“There is no lack of tenants,” Regehr said, noting that the Evolve is right next to a SkyTrain station and close to Simon Fraser University, Surrey Memorial hospital and the city hall of B.C.’s fastest-growing city. 

With a 15% downpayment, the mortgage payments on a $93,900 condo would be around $330 per month, plus strata fees, “The bachelor units will rent for $800 to $850 per month,” Regehr estimated.

First time buyers can purchase with 5% downpayments

The Evolve condos may even be priced below replacement value, based on recent studies on construction and land costs in Metro Vancouver.

Construction costs for a “medium quality” concrete condominium tower in Metro Vancouver average $227 per square foot, according to a study released this month by appraisal firm Altus Group. Land costs in Surrey, according to a survey from Colliers International, equate to a price-per-buildable foot of around $30 per square foot for concrete condominiums in Surrey City Centre. This all equates to approximately $257 per square foot in hard costs, and then marketing, finishing and other soft costs are factored in. Yet Evolve is bringing concrete condos to the market at less than $300 per square foot.

The Evolve opening, which included attendance by Surrey Mayor Linda Hepner, featured gee-whiz gaming technology, videos, holograms and interactive 3-D renderings to provide virtual towers of the suites and amenities. 

“We want to generate momentum,” Regehr said, noting that the sexy technology and low prices will draw the young buyers and investors Weststone is aiming for. 

The Evolve will open in 2017.

The Western Investor

Asian investments in BC “just the beginning”

Thursday, January 22nd, 2015


Last March, China-born Owen Wang, a recent immigrant to Canada, purchased the 18-hole Sechelt Golf & Country Club and said he plans to sink $20 million into improvements, including the construction of a hotel on the site.

Investors from mainland China have also purchased a marine resort at Garden Bay on the Sunshine Coast, a 43-acre island off the coast of Pender Harbour and even the Gibson’s movie theatre. A Chinese group is also eyeing a multifamily development site in Gibsons.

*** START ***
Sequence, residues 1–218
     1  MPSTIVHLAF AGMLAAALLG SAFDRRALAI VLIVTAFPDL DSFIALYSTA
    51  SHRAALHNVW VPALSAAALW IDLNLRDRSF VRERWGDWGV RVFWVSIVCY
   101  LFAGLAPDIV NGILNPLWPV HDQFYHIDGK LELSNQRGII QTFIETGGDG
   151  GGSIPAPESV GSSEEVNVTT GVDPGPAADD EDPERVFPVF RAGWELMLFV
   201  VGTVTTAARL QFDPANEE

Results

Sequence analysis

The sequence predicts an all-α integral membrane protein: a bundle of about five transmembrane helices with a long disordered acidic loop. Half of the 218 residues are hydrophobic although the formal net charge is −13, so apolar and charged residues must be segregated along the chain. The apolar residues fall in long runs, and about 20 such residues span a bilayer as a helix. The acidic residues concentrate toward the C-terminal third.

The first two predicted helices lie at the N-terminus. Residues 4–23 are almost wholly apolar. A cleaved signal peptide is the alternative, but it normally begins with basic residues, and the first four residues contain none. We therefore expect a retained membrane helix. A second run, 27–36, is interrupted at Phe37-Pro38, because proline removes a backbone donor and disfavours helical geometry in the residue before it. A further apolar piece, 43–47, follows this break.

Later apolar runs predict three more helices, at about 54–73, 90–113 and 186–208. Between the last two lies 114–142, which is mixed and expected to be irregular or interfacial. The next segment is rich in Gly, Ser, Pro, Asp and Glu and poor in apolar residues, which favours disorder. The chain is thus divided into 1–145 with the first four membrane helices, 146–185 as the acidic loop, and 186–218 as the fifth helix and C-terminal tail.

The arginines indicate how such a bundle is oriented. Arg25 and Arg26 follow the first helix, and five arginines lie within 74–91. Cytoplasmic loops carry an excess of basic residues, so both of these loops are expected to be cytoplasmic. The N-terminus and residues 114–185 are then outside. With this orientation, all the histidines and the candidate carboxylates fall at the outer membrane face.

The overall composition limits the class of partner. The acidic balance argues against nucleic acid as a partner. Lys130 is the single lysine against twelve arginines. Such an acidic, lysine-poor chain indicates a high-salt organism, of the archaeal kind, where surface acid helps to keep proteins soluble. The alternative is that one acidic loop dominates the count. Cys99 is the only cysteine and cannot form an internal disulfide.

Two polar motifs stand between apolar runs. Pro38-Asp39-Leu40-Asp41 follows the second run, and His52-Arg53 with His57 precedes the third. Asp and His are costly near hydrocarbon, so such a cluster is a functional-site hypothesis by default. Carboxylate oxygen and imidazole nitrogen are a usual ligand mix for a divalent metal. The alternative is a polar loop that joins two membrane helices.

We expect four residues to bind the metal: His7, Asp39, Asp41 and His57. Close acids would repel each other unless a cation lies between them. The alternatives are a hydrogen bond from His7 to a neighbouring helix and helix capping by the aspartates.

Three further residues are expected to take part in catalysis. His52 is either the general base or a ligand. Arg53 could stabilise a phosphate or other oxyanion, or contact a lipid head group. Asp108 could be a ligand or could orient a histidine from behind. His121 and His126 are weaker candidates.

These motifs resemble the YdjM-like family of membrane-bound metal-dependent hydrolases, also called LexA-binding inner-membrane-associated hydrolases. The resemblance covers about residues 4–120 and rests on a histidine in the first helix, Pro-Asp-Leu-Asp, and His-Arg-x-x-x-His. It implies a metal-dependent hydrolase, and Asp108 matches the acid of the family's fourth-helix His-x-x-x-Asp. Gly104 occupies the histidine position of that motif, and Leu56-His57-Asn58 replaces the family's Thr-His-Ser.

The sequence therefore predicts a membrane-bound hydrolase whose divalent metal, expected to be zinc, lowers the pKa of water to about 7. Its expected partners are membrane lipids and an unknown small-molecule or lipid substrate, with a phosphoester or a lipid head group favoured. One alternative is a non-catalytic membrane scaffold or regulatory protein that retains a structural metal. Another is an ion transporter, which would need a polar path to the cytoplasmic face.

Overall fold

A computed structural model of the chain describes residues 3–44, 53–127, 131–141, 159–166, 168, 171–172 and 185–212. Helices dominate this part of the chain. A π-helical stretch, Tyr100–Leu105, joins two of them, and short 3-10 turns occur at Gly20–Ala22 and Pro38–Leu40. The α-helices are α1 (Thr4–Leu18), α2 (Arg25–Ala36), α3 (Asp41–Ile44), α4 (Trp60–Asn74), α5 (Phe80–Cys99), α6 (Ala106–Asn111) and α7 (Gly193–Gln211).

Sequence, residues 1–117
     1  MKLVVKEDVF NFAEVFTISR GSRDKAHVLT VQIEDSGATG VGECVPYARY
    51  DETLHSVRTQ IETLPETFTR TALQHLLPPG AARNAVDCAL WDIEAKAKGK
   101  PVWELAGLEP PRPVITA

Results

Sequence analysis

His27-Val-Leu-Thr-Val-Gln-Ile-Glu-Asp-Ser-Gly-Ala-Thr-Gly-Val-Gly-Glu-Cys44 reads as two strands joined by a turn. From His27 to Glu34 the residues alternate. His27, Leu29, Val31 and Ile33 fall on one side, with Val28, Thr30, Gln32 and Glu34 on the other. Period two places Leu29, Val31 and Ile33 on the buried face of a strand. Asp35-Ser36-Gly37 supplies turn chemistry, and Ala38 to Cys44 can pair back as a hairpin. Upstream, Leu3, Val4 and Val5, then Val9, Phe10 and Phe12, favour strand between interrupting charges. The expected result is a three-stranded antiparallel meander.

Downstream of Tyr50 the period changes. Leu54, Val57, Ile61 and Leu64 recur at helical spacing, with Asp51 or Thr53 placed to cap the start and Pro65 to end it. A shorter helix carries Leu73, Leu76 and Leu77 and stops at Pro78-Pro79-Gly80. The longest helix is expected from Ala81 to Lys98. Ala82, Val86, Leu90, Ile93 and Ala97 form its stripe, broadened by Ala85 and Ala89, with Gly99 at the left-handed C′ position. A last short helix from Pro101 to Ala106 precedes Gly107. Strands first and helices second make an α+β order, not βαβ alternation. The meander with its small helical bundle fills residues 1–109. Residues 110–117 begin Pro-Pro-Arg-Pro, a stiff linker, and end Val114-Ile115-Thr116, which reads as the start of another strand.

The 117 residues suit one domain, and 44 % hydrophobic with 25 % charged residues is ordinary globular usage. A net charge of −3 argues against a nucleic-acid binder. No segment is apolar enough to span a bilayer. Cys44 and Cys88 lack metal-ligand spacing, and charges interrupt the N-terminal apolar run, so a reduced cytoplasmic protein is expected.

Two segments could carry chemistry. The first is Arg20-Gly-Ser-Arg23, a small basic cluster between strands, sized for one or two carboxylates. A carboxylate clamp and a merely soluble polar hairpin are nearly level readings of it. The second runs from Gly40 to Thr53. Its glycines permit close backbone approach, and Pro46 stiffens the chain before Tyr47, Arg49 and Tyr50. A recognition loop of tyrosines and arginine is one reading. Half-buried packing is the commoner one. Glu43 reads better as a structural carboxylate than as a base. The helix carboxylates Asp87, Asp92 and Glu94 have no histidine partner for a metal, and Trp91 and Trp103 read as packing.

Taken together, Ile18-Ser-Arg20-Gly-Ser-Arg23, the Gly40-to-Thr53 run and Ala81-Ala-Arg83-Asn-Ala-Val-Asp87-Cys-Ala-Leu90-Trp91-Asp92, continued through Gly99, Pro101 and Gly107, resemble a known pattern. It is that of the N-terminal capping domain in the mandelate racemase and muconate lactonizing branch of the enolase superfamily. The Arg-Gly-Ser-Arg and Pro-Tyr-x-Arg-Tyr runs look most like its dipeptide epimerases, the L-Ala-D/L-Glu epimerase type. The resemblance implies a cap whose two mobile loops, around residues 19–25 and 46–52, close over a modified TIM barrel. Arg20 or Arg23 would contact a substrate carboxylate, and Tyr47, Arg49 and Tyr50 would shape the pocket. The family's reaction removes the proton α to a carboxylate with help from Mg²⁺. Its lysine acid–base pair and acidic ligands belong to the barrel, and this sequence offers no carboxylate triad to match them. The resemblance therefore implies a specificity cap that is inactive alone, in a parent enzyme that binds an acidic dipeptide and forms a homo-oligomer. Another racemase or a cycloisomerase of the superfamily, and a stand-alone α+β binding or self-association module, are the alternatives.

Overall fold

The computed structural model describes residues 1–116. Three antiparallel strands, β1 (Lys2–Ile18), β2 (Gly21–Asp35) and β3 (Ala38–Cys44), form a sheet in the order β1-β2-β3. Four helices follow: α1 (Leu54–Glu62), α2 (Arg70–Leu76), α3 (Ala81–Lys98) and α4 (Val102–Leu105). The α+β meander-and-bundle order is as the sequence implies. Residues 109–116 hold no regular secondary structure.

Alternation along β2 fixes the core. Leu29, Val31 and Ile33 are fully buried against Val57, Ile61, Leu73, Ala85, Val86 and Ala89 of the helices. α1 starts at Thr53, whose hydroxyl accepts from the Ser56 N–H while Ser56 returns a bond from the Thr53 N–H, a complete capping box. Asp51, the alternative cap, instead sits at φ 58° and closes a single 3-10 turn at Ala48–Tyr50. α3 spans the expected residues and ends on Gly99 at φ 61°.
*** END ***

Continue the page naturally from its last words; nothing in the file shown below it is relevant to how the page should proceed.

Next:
Chinese offshore investors were behind the purchase of an Okanagan lakeside resort last summer and an equestrian centre in Langley and are backing a $50 million hotel project in Nanaimo and a ghost town near Whistler.

In Vancouver, the 120-room Best Western Sands Hotel at 1755 Davie Street, was recently sold for $30.3 million to a numbered company backed by Asian capital. According to study by hotel consultant HVS International, investors from China also purchased the Days Inn in Vancouver and a “good portion” of hotel-condos in the Westin Grand hotel.

In January, a Chinese-born Canadian with homes in Hong Kong and Vancouver bought a 234-acre development site straddling Port Moody and Anmore on the southeast edge of Metro Vancouver through Vancouver-based Brilliant Circle Group (BBG). 

This could be a “groundbreaking year for Chinese outbound investments,” according to Chadbourne & Parke LLP, an international law firm headquartered in New York City. Its 2014 report China Widens Door to Outbound Investment, noted that offshore Chinese investments “other than in the financial sector” reached US$90 billion in 2013 and hit US$20 billion in the first three months of 2014.

“This is just the beginning for Vancouver,” said Tina Mak, president of Asian Real Estate Association of America, Vancouver Chapter, and a realtor with Coldwell Banker Westburn Realty. Mak expects a huge increase in sales of B.C. commercial real estate to buyers from China.

Last April, China’s government relaxed constraints on citizens buying in other countries. Now, deals under $300 million may not even hit regulator’s radar. “China has opened the door to outbound investment more widely than ever,” Chadbourne & Parke commented.

While much of the offshore real estate money flows from China into New York, London, England and Los Angeles – the most popular cities for Asian investors – Vancouver is considered among the top secondary targets.

While Mak said return on investment is the primary aim, followed by “the brag factor”, some immigrant investors are apparently drawn to B.C. as much for the lifestyle. 

The new owner of Sechelt Golf and Country Club, for example, said the profit motive was not the main driver for his investment decision.

Wang said he wanted to purchase the course for three reasons: his love of golf, the quality of life and natural beauty in Sechelt and the possibility of retirement in the area.